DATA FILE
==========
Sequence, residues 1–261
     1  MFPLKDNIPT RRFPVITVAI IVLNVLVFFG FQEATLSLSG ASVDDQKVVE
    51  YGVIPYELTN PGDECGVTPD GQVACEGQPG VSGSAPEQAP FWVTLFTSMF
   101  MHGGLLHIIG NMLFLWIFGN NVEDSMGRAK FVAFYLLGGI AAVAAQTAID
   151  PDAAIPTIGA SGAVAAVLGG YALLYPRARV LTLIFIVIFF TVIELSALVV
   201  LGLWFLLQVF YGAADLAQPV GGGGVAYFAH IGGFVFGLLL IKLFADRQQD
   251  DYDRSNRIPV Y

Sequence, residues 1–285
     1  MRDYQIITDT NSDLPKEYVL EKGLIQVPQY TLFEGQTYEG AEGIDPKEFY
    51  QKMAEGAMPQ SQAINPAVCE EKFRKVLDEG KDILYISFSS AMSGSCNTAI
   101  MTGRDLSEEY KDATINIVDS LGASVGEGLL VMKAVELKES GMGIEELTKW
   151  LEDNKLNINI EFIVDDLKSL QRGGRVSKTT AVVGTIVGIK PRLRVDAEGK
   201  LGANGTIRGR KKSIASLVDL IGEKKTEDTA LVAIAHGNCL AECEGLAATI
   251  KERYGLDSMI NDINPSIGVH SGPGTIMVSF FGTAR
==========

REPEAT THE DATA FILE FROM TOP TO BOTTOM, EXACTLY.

Sequence, residues 1–261
     1  MFPLKDNIPT RRFPVITVAI IVLNVLVFFG FQEATLSLSG ASVDDQKVVE
    51  YGVIPYELTN PGDECGVTPD GQVACEGQPG VSGSAPEQAP FWVTLFTSMF
   101  MHGGLLHIIG NMLFLWIFGN NVEDSMGRAK FVAFYLLGGI AAVAAQTAID
   151  PDAAIPTIGA SGAVAAVLGG YALLYPRARV LTLIFIVIFF TVIELSALVV
   201  LGLWFLLQVF YGAADLAQPV GGGGVAYFAH IGGFVFGLLL IKLFADRQQD
   251  DYDRSNRIPV Y

Sequence, residues 1–285
     1  MRDYQIITDT NSDLPKEYVL EKGLIQVPQY TLFEGQTYEG AEGIDPKEFY
    51  QKMAEGAMPQ SQAINPAVCE EKFRKVLDEG KDILYISFSS AMSGSCNTAI
   101  MTGRDLSEEY KDATINIVDS LGASVGEGLL VMKAVELKES GMGIEELTKW
   151  LEDNKLNINI EFIVDDLKSL QRGGRVSKTT AVVGTIVGIK PRLRVDAEGK
   201  LGANGTIRGR KKSIASLVDL IGEKKTEDTA LVAIAHGNCL AECEGLAATI
   251  KERYGLDSMI NDINPSIGVH SGPGTIMVSF FGTAR